Owen Pallett, the former Final Fantasy, previously relied on just a violin and loop pedal. His third LP, Heartland, has the distinction of being his first fully orchestral album. Does the music’s newfound complexity retain the charm of his previous releases? For the most part, yes. On record, Final Fantasy has always been very layered; so the expanded instrumentation feels organic and serves as a natural extension to his previous work. I miss the simple setup of yesteryear, but I imagine that the live show will go on as it always has, and I look forward to hearing the different arrangements.
The 2006 Polaris Music Prize winner He Poos Clouds was loosely about the eight schools of magic in Dungeons & Dragons. Heartland has a similarly high concept, the short version being that it’s about a fictional farmer named Lewis that Pallett is enamored with. It’s fitting then that the album’s two best tracks refer to Lewis directly. ‘Lewis Takes Off His Shirt’ stands out as one of Pallett’s best songs ever written, right up there with ‘This Is the Dream of Win and Regine’. The gradual build up and lush textures allow the orchestra to shine. Preceding track ‘Oh Heartland, Up Yours’ also makes great use of the newly available soundscapes, straying away from the string section and leaning toward the strings and woodwinds. ‘Flare Gun’, which has been played live for years now, appears here making it clear that Heartland was long in the making.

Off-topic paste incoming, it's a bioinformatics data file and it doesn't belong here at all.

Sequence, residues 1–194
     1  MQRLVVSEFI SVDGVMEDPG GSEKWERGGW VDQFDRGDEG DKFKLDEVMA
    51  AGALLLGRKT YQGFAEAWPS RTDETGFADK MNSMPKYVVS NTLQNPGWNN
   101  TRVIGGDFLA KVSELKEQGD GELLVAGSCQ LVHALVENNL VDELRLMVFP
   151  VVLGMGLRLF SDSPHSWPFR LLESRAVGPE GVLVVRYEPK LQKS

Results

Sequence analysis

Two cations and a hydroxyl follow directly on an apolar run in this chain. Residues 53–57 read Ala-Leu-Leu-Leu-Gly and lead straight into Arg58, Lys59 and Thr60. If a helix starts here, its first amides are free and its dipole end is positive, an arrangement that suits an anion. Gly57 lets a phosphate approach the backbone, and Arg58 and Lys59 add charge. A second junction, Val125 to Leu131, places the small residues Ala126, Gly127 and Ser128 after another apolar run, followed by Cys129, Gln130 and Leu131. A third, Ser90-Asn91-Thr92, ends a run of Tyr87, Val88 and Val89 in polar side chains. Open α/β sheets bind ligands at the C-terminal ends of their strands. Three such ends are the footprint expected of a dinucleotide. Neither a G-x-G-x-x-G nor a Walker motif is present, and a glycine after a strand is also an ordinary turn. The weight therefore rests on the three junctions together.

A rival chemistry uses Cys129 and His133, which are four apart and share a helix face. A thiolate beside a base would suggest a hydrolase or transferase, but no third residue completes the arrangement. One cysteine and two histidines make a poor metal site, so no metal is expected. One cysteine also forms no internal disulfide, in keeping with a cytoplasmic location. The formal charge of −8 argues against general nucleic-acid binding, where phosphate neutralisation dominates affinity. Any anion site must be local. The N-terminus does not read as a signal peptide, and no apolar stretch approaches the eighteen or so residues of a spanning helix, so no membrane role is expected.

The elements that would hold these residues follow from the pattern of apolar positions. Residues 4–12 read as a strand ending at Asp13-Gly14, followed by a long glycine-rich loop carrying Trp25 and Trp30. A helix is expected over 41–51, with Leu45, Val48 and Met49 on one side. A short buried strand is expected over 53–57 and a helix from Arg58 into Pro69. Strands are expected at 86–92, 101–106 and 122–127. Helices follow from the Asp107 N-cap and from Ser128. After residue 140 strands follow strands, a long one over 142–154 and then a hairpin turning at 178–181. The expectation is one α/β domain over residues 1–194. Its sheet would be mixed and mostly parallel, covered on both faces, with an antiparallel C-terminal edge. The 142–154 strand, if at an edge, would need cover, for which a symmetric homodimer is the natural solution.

Pallett’s first foray under his own name is ultimately a successful one. It’s slow to start, but once ‘Lewis Takes Action’ kicks in, we’re treated to the usual magic. The only sad thing is that I can no longer make any forced video game references, and that’s worse than when Kefka poisoned Doma’s water supply.